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#161316 - 01/27/12 08:03 PM Re: Firestarting Tips Techniques? ***** [Re: tybee]
oldranger Offline
member

Registered: 02/23/07
Posts: 1735
Loc: California (southern)
If you are fortunate, in the morning, the still glowing coals from the night before will readily spring to life with only minimal encouragement. My ultimate experience was one evening in the desert where our principal fuel was Desert Ironwood, a very dense, heavy wood. In the morning, all that was necessary was to blow away a light cover of ash. The coals were still perfect for cooking with no additional attention.

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#161325 - 01/27/12 09:25 PM Re: Firestarting Tips Techniques? [Re: oldranger]
Kent W Offline
member

Registered: 10/15/09
Posts: 607
Loc: IL.
Iron wood is extreamly hard. In the midwest Osage Orange comonly known as Hedge is the midwest iron wood. Unfortunatly, it is not as common as it was 20 or 30 years ago. most of the old hedge rows are long gone that once lined the fields! Farmers want to plant every square foot! The GPS sytems allow this for them without even leaving fence rows at all to follow! The Plow drives itself these days and the farmer can sleep till its time to turn around!
Hmm no wonder we have no more small game! No Habitat perhaps?
Enough of my soapbox, Happy Trails

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#161347 - 01/28/12 05:35 AM Re: Firestarting Tips Techniques? [Re: Kent W]
Gershon Offline
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Registered: 07/08/11
Posts: 1109
Loc: Colorado
One area we camp has a lot of dried out cow patties as it's open range. They burn real well without smoke or odor. And they last a long time. We don't use them much, but it's a good option if that's all there is.


Edited by Gershon (01/28/12 05:36 AM)
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#161440 - 01/29/12 09:19 PM Re: Firestarting Tips Techniques? [Re: Gershon]
Barefoot Friar Offline
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Registered: 01/23/09
Posts: 176
Loc: Houston, Alabama
Originally Posted By Gershon
One area we camp has a lot of dried out cow patties as it's open range. They burn real well without smoke or odor. And they last a long time. We don't use them much, but it's a good option if that's all there is.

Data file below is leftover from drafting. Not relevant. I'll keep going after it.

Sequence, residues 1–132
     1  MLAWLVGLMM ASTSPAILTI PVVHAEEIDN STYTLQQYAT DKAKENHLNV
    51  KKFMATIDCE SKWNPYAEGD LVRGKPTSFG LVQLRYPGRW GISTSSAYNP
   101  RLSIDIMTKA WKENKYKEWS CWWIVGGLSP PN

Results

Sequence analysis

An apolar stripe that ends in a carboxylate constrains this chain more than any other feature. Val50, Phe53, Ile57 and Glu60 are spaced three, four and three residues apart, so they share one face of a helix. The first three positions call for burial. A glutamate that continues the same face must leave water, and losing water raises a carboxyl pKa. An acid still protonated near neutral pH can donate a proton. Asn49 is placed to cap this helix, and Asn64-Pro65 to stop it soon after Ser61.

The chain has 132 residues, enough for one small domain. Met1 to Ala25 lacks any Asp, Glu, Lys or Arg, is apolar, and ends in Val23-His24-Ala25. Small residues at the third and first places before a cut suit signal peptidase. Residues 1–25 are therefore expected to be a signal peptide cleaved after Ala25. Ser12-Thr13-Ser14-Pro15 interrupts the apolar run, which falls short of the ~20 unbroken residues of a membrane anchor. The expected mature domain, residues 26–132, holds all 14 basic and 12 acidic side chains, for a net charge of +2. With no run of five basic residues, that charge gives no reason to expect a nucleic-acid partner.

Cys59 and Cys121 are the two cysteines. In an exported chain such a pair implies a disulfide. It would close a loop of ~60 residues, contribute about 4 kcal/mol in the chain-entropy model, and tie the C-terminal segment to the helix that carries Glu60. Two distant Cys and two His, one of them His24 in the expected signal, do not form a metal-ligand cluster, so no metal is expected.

I know people have been doing this for thousands of years.

But the thought of using dung to fuel my cooking fire is just... ewww.
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#161442 - 01/30/12 12:02 AM Re: Firestarting Tips Techniques? [Re: Barefoot Friar]
oldranger Offline
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Registered: 02/23/07
Posts: 1735
Loc: California (southern)
I probably shouldn't get too clinical, but remember that the best dung for fuel is herbivore - elephant dung is probably better even than cow dung, because elephants process the cellulose more inefficiently than cows. Carnivore dung (that's us!) isn't very good at all.

When you need fire, you need fire. Our ancestors would have never crossed the Great Plains without buffalo chips.

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#161456 - 01/30/12 10:15 AM Re: Firestarting Tips Techniques? [Re: Barefoot Friar]
Gershon Offline
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Registered: 07/08/11
Posts: 1109
Loc: Colorado
Originally Posted By Barefoot Friar
Originally Posted By Gershon
One area we camp has a lot of dried out cow patties as it's open range. They burn real well without smoke or odor. And they last a long time. We don't use them much, but it's a good option if that's all there is.


I know people have been doing this for thousands of years.

But the thought of using dung to fuel my cooking fire is just... ewww.


The worst part is all the bugs that crawl out of it. Still, they are good eating.
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#161466 - 01/30/12 02:20 PM Re: Firestarting Tips Techniques? [Re: Barefoot Friar]
phat Offline
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Registered: 06/24/07
Posts: 4107
Loc: Alberta, Canada
Originally Posted By Barefoot Friar

But the thought of using dung to fuel my cooking fire is just... ewww.


Dried dung from a herbivore is usually fantastic. there's pretty much no more biological activity once it's dried out, so it's really no worse than burning grass or wood - and it smells a *lot* better than burning grass..

I've done dried cowflop fires and they're actually really good - as long as the cowflops are nice and dry. Seriously.. not gross at all... Think of it like burning particle board that has no carcinogenic glue and crud in it.